3) markers of intelligence (in the origin of life)
Hume was right! When the eighteenth century philosopher David Hume argued so effectively against the arguments of design, he did so by suggesting that nature designs itself! And ever since Hume, science has been confirming that to be the case on many fronts. Matter is marvelously capable of self-organization. We understand the principles by which the universe structured itself, how matter coalesced following the big bang into stable star systems and galaxies, etc. Built into the chemistry and physics of the universe is an uncanny capacity to bring organization out of chaos, despite the laws of entropy which might predict otherwise. Built into life itself is a principle of self-design. Darwin helped us to see how random processes have resulted in variations subject to natural selection giving rise to the marvelous diversity of life forms on our planet today. Dawkin’s “blind watchmaker” is truly stunning in his ability to generate both diversity and functional complexity. But all these natural explanations for the amazing design and beauty we observe fail to answer the ultimate question: Why would a universe possess these remarkable characteristics in the first place? Why is the universe so full of the capacity to self-design, to self-organize? Why is it that everywhere we look, we find a cosmos busy crafting itself?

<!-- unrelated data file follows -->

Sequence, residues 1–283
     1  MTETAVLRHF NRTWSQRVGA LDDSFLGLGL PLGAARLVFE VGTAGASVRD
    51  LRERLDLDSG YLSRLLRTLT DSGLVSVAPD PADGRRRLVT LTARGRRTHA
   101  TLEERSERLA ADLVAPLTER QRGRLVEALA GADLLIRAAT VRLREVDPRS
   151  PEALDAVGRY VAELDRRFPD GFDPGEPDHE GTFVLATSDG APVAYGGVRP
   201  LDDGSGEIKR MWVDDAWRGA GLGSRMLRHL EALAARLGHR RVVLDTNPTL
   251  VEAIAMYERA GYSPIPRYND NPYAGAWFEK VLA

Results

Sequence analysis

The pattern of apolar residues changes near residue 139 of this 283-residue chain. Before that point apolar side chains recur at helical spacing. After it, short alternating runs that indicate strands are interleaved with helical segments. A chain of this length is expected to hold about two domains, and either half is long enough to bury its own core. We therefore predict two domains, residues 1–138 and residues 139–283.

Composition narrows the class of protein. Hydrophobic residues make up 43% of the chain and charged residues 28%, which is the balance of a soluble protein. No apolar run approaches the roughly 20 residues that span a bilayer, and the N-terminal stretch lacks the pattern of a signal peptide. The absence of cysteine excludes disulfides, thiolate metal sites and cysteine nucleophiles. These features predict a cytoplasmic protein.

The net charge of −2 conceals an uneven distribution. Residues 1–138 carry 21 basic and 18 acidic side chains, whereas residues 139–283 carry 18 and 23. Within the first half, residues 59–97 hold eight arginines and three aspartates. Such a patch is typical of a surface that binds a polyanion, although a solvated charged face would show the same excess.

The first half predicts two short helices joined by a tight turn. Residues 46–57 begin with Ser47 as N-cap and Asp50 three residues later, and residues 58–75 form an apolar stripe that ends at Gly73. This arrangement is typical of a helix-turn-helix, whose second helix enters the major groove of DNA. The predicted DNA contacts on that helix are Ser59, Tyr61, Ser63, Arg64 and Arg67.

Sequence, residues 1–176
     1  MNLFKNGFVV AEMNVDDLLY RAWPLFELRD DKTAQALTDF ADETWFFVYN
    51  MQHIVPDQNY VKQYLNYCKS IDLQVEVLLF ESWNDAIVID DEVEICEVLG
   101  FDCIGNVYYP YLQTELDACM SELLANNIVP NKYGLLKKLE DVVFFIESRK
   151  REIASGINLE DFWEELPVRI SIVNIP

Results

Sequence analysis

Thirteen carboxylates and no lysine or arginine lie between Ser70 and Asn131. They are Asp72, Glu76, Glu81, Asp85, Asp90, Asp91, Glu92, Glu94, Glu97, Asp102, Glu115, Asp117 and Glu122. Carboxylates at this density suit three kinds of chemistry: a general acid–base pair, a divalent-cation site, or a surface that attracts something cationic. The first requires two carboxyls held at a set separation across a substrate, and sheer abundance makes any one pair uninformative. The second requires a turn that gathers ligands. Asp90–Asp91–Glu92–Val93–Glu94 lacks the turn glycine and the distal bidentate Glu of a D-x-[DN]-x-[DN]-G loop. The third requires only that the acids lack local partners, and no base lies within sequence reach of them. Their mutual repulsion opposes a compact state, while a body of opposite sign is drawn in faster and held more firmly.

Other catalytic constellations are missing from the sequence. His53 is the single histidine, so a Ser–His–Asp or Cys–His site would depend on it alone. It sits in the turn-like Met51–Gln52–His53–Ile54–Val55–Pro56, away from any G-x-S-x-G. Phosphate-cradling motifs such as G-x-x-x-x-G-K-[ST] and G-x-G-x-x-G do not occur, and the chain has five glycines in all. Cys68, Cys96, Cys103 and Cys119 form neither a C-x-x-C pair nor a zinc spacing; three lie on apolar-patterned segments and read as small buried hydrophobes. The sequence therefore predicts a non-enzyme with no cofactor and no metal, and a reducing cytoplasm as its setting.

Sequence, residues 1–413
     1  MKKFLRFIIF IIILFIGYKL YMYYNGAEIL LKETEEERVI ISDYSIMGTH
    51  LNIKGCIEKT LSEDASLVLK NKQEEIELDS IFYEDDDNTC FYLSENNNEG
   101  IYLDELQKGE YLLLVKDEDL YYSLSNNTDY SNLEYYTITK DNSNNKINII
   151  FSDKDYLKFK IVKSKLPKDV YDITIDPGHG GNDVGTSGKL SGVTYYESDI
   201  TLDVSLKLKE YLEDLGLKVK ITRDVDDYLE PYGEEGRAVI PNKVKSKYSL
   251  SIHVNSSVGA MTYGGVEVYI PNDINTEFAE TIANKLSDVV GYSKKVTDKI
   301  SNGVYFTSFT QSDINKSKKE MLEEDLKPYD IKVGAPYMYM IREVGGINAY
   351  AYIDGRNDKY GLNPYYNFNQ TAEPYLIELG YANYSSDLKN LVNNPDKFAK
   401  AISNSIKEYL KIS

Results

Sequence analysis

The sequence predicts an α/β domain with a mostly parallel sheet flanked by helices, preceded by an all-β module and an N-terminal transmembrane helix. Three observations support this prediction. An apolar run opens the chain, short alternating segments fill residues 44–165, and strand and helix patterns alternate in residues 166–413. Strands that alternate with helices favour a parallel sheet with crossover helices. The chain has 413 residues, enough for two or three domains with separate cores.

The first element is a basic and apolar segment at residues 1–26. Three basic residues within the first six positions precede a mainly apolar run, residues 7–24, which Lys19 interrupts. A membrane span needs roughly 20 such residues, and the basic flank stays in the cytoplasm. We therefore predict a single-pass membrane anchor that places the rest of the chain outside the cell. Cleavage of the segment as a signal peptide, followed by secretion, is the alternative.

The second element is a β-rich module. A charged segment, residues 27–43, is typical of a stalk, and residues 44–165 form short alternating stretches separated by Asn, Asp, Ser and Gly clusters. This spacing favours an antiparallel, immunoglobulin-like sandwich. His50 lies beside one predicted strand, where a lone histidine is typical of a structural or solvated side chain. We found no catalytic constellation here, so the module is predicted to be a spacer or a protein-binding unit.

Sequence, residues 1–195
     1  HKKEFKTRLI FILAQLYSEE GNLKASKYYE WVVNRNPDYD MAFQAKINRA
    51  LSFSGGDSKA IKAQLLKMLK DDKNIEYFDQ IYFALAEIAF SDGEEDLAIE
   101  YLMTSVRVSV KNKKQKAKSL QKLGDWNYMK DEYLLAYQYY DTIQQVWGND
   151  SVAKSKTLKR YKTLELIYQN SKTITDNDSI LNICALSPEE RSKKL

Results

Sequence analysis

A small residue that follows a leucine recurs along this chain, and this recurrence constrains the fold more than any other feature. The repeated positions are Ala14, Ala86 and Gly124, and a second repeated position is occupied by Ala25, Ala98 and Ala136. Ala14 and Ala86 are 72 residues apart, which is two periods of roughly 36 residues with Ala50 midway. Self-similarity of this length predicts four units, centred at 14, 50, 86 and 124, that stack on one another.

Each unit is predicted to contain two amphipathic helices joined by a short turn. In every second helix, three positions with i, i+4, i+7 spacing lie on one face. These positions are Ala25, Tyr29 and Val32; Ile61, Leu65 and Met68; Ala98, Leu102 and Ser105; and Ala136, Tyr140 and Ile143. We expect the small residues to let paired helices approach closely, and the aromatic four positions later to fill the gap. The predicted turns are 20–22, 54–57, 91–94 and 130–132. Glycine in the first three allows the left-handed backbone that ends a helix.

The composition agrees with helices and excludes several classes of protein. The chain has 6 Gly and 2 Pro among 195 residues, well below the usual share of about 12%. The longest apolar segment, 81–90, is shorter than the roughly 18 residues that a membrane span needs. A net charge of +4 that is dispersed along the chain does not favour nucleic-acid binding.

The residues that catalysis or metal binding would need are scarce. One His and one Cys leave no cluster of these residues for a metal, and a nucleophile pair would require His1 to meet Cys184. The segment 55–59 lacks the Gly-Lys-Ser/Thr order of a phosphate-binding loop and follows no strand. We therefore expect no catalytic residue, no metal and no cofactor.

The skeptics, in their zealousness to write God out of the script, may have inadvertently stumbled upon the very genius of the Creator. The stronger the argument for a self-organizing universe, the more cogently is the case made: this universe has the fingerprints of intelligence all over it. In the self-designing attributes of the cosmos, I see not an argument against God, but the most compelling argument for a greater Creator than we imagined, one whose intelligence and wisdom are seen in these very built-in processes. The intuitive sensibility of Paley’s argument has never been fully dispelled; it has only been pushed back in time, relegated to the deep mysteries of the Mastermind who first set it all into motion.